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Taxi Transfer Costs:
Although as the crow flies the distance from the centre of the resort to the airport, which is a little to the south of Mahon, is quite short, it has to be said that the road over to the north coast is not particularly good.
As a consequence it is not unusual for the transfer to take approximately 30 to 40 minutes from the time you leave the airport grounds.
A further unnecessary complication for those visitors who choose to drive, is that in recent years the local Government has re-numbered most of the roads on Menorca, so make sure that you have an up to date road map before setting out.
As with the other resorts on the island, we have put together the basic route for this journey, complete with links to maps where appropriate, and this is available from the Route Map link on the left hand frame of this page.
If however this all sounds a little daunting, you should seriously consider making the journey by either taxi or coach, and then possibly hiring a car once you are settled in the resort.
If for whatever reason you choose not to drive and don't have the option of a coach transfer available to you, there are always a large number of taxis available for hire outside the arrivals hall.
It's also worthwhile mentioning that as a rule, taxis do not normally carry child seats, so very small children will have to sit on their parent's knees for the journey. If this is a cause for concern, we strongly recommend that you make arrangements for a pre-booked taxi to be waiting for you, and clearly specify at the time of booking that a child seat is needed for the journey. Pre-booked taxis are often a little more expensive, although as with all things in life, you only get what you pay for.
Whatever method you ultimately choose for this journey, there is always one attraction that you cannot fail to have noticed on your way into the resort, and this is that Son Parc has the only golf course on Menorca. However, this is something that we will endeavour to cover in more depth on our Attractions and Amenities pages.
Once you are in the resort, and have settled in to your accommodation, the trip back to Mahon for either shopping or sightseeing, is then possible by public transport, but only if you plan your journey times with care.
During the summer months a very limited bus service runs from Son Parc, and on a number of occasions we've been asked for a timetable. Experience has shown us that the term "timetable" is not necessarily the best description for the time the buses actually run, although these are published each year on the bus stop in town, and also on the pages of the local councils web site, as well as the web site of the Transportes Menorca, who are the local bus operators. However, clearly no responsibility can be accepted on our behalf as to either the content or accuracy of information provided on these external links.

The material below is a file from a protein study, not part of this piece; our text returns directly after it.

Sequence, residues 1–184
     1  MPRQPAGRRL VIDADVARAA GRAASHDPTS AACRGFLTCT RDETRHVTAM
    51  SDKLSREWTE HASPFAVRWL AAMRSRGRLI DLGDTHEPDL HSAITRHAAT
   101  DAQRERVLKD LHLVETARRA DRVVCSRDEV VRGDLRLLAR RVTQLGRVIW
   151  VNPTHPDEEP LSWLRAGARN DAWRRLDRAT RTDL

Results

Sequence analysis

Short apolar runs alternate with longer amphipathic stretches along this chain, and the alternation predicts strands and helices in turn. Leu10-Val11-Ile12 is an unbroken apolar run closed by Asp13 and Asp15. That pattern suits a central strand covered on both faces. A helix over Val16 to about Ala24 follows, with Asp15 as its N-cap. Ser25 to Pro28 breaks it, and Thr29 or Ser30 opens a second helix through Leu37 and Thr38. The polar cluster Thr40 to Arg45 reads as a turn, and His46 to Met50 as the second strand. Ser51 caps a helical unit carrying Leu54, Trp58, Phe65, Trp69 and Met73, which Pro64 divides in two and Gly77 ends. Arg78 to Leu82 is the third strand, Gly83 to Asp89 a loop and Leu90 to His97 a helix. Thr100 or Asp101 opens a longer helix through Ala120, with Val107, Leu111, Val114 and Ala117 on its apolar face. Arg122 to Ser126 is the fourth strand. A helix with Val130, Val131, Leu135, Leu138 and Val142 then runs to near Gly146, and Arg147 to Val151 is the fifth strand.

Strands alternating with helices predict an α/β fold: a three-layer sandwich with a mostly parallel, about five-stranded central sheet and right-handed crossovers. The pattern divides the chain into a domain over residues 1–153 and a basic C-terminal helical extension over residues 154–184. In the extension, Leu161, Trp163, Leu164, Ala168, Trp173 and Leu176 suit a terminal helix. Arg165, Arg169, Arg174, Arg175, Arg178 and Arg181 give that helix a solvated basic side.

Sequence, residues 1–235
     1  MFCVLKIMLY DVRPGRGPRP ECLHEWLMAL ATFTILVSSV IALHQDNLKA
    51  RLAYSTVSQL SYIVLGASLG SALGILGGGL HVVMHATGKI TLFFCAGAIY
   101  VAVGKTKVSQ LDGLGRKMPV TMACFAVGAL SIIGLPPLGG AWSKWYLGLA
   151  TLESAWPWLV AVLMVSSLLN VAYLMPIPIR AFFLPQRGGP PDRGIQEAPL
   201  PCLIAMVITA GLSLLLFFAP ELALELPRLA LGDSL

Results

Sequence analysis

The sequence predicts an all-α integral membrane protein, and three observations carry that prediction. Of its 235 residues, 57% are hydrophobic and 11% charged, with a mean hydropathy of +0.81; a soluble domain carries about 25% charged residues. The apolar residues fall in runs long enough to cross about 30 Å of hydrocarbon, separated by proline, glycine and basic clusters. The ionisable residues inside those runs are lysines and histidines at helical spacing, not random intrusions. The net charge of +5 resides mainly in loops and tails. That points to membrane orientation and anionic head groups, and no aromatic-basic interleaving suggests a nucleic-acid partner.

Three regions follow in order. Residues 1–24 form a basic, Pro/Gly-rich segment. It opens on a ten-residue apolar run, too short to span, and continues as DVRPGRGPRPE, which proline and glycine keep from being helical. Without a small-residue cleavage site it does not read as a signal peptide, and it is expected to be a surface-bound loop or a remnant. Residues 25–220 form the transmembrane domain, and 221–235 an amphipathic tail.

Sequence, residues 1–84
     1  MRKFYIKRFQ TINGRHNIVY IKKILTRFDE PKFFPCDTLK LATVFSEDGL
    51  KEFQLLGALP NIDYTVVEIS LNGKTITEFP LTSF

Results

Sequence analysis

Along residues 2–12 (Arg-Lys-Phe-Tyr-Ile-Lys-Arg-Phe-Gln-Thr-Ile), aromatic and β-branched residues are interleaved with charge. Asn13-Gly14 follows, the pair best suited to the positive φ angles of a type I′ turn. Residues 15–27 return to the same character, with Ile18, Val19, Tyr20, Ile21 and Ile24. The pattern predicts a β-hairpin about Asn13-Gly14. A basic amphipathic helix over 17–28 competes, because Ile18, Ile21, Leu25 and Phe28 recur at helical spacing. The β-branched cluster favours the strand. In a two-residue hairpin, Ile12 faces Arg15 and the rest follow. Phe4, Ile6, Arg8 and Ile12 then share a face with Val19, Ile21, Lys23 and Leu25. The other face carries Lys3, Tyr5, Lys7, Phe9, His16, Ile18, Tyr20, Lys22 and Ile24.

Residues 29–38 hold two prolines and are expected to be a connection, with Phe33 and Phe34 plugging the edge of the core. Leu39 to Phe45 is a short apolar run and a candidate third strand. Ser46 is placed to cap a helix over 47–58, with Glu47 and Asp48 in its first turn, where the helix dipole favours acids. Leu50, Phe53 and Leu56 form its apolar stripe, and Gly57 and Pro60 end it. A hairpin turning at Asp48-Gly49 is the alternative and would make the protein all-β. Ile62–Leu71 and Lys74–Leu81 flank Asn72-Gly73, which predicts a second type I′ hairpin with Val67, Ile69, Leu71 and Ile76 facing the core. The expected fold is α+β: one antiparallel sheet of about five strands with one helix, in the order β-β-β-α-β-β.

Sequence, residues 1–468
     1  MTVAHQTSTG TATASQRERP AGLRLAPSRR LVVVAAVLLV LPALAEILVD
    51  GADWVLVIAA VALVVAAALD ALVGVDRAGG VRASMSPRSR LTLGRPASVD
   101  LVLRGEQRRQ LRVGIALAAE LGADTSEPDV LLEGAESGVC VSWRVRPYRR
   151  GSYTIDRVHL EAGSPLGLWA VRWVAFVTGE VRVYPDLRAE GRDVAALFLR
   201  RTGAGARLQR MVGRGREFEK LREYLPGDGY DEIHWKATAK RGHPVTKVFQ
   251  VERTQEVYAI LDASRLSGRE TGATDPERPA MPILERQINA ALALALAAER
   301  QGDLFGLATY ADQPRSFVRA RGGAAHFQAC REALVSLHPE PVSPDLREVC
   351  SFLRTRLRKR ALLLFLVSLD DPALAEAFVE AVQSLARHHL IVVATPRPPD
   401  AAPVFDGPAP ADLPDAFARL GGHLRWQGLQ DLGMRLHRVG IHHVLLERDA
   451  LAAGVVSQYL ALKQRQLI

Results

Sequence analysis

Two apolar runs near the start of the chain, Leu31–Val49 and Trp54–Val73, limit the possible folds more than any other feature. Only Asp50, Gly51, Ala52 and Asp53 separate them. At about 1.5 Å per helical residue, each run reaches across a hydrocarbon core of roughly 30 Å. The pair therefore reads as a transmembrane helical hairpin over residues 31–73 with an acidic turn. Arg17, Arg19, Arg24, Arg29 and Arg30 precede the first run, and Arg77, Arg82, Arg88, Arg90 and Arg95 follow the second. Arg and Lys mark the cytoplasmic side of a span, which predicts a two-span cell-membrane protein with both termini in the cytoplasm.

The warm shallow waters at Son Parc make this resort very popular with families with young children. But as with all beaches, do watch out for the safety flags, green means safe, yellow warns you to be careful and red you mustn’t swim at all. The beach is without doubt a major attraction of this resort with fine, clean sand and a good variety of water sports and other facilities available to suit all tastes.
The resort has a small commercial centre, which is known locally as "the strip", and it is here where most of the bars and restaurants are situated along with a small number of Spar type supermarkets selling the everyday holiday essentials, which in recognition of the high numbers of private holiday villas' and self catering apartments in the area, stock a wide selection of UK recognised branded goods, albeit at slightly higher prices than you would expect to pay back at home in the UK.
The underlying principle of consumer choice was once explained to me by a local shopkeeper as "if you don't like the price, you don't have to buy". However, the reality is that unless you have access to your own transport, and are prepared to travel out of the resort, "you do have to buy", which of course the shopkeepers are only too fully aware of.
Now something that is never mentioned in any of the major tour operators holiday brochures. At the start and end of the summer months Menorca, especially the north coast, does get very windy. If any further proof of this was needed, look at the way the trees around the resort all bend to the south. This may also explain why Menorca is effectively closed to tourists during the winter months.
The rugged northern coast of Menorca also is widely recognised by yachtsmen as being where the sea is at its roughest, and by local fishermen as where the richest fish stocks around the island are to be found.
To ensure these fish stocks survive for future generations, in June 1999 the Municipal Government of the Balearic Islands established La Reserva Marina del Norte de Menorca, (Marine Reserve of the North Coast of Menorca) and thus afforded special environmental protection to the area.
As with most resorts in Menorca, evening entertainment here is mainly hotel based, however, during the summer months at least, the resort does have a small number of lively bars, but certainly nothing that would ever compare to the neon jungle of the popular resorts along the south coast of Majorca.
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